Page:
The value for `(Intercept)`

(a.k.a. \(\beta_0\)) tells us that when `SpringTempC=0`

, we would predict that adult flight time is on day 245.99 of the year. In and of itself, this intercept is not super meaningful.

The value for `SpringTempC`

(a.k.a. \(\beta_1\)), which is -12.14 (rounding to 1 or 2 decimal places is usually preferable to presenting a number with many floating points/decimal places), is more interesting. It tells us that as mean spring temperatures **warm by 1 degree Celsius** (`SpringTempC + 1`

), butterfly flight time would shift *earlier* by 12.1 days. Alternatively, if mean spring temperatures **cool down** by 1 degree Celsius (`SpringTempC - 1`

), butterfly flight time would shift *later* by 12.1 days.

Our model for \(\text{DayOfYear} = \beta_0 + \beta_1 \text{SpringTempC}\) can therefore be described as `Day of year = 245.99 - 12.1 Spring temperature in Celsius`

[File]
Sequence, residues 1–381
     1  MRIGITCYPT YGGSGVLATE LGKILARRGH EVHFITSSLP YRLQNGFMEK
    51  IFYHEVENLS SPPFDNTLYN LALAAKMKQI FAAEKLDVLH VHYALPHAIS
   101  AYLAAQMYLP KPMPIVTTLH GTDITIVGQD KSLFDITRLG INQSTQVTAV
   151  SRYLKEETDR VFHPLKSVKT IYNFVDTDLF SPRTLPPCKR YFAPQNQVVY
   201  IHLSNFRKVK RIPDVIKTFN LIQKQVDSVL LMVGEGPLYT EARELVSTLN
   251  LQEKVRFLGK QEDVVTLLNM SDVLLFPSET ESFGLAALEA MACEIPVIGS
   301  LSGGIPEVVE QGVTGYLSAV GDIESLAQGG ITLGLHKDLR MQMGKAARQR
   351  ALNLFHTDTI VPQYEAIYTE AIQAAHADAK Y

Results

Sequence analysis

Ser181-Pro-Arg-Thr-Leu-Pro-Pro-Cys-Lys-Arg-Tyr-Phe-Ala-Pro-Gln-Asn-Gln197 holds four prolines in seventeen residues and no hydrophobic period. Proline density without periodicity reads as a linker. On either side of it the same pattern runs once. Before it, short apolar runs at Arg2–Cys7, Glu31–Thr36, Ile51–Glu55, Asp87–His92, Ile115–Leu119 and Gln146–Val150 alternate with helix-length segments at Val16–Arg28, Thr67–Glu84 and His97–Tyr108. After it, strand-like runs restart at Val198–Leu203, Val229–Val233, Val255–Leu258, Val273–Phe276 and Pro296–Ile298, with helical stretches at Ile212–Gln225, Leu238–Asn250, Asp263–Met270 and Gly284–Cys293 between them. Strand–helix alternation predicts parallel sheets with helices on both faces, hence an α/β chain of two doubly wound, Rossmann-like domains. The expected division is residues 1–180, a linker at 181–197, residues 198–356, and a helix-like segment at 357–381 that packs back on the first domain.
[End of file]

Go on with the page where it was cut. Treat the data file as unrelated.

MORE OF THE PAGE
.

For `SpringTempC`

, we see that the “p-value” associated with this coefficient estimate using a t-test is \(1.45 * 10^{-7}\). That is a really, really tiny number and certainly it is \(< 0.05\), one threshold for statistical significance. Based on this p-value, the data indicate that there is a negative relationship (\(\beta_1 = -12.1 < 0\)) between spring temperature and butterfly flight time.

We can add our linear model regression line to the plot we created above.

```
### Generating plot with line
p <- ggplot(phenoDF, aes(x=SpringTempC, y=DayOfYear))
p <- p + geom_point() # adding on points plotted at the locations given by x and y above
p <- p + geom_smooth(method="lm", fill=NA)
p <- p + labs(x="Mean spring temperature (°C)", y="Flight timing (day of year)") # changing the x and y-axis labels to be informative
p <- p + theme_bw() # modify the style of the plot
p # display the plot, p
```

In case you are curious about learning more about linear regression models:

- How does
`R`